How often have you heard that one? And how powerful will it make you feel to say those words? The look on people’s faces alone brings me closer to that fantastic feeling.

What if you’re having a rotten day? It’s best to be honest, but if you keep having bad days, do something about it so you have better ones. Why spend your whole life being miserable?

‘Impossible’

Nicole Matthews urges us to see the words ‘I’m possible’ when we look at ‘impossible’.

This powerful word play is just one way Nicole has changed her own thinking to achieve incredible outcomes in her life. Her book, Permission: Stop Competing and Start Creating the Life You Want to Live is excellent. It’s full of personal and insightful stories, sharing the secrets of a woman who understands how to create her own destiny.

‘I should’

Get rid of the word ‘should’ from your life and you will instantly feel more limitless!

This is something to pay attention to. If you find yourself in a situation where you feel heavy with ‘shoulds’, and you don’t need to do these things – don’t. Your life will be more lightweight for it.

What are your limitations?

What do you tell yourself you can’t do?

  • Do you have a fear which you don’t think you can overcome?

  • Can you be honest with your partner about what you really want?

  • Would you drop a friend who always makes you feel bad?

I have plenty of limitations I’m working on. Goblin voices became part of who I thought I was. Other people’s words—which were spoken from jealousy and fear—froze me like a scared animal. I’ve worked hard to remove these voices from my thinking.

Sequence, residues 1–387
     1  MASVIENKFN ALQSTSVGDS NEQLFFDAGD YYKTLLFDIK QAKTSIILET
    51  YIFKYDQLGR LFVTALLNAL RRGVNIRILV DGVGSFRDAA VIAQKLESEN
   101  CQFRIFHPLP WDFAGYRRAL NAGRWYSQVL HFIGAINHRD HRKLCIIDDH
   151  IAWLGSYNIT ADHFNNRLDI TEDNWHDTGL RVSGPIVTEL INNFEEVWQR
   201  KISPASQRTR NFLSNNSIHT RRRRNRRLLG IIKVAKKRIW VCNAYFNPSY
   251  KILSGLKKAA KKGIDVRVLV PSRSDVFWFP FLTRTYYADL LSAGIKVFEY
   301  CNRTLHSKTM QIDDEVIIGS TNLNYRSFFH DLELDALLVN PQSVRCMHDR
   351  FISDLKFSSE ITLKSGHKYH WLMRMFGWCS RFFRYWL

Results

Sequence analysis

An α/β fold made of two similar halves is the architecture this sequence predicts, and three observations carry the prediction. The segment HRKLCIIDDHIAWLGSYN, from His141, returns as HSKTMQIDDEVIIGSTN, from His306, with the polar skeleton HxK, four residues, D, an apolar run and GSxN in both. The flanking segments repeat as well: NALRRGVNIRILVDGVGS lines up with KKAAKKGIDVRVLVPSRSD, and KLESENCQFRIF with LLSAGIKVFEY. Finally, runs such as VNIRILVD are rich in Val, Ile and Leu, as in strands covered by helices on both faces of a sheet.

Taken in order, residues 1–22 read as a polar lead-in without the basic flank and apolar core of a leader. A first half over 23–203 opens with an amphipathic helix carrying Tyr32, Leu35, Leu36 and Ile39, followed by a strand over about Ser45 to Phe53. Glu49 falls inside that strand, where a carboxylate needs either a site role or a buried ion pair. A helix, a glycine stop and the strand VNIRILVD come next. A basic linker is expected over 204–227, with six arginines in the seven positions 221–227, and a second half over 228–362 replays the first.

And now? I’ve learned that being lightweight in mind becomes easier with practice. I know that unconformity is good, whereas I used to beat myself up about it and try to fit in. The words I said to myself were part of the problem, leading me to think in a less productive and helpful way.

Change your words

Why not make a list of the limiting words which you use, and swap them for other, more limitless possibilities? It’s not to say you can’t ever have a moan, but giving it a positive spin can neutralise some of that negativity.

Feel invincible – take control of your limiting words. And why not share your insights with us in the comments below?

Comments

  1. says

    Great article. I also think we need to take responsibility for the words we use with others. Are friends, our partners and perhaps more importantly children. Children are like sponges and sock up the world around them and unfortunately it’s at this age we develop limiting beliefs that can be much harder to remove as we get older. People often spread there limitations on to the children around them. Remember the old saying.
    “Sticks and stones may break my bones but words will never hurt me.”
    This is one of the biggest lies there is. Our bones can be broken and heal. The limiting words we use the words leave wounds you and I cannot see. The good news is that we can break the habits often created as children and learn to as you say “Feel invincible” but what a great would it would be if children grow up already knowing they were invincible. Keep up the great posts.

    • Janine says

      Hi Craig,

      I only considered the effect words have on our own thinking with this post. But as you say, they have a massive effect on those around us – kids are sponges indeed!

      You make some really excellent points, thanks for sharing your ideas!

    • Janine says

      Hi Garreth,

      I didn’t notice this message when you wrote it, sorry for the late reply. I’ve been silently chuckling to myself all morning after reading it 🙂

  2. Mary says

    “I have not failed. I’ve just found 10,000 ways that won’t work.” —-> YES! That’ll be my mantra this week…

    • Janine says

      Hi Mary,
      What a powerful mantra to adopt. As we’re not used to thinking about failure in a positive way, it may take some reinforcement. I appreciate your reminder. Thanks for the comment, and let us know how you get on 🙂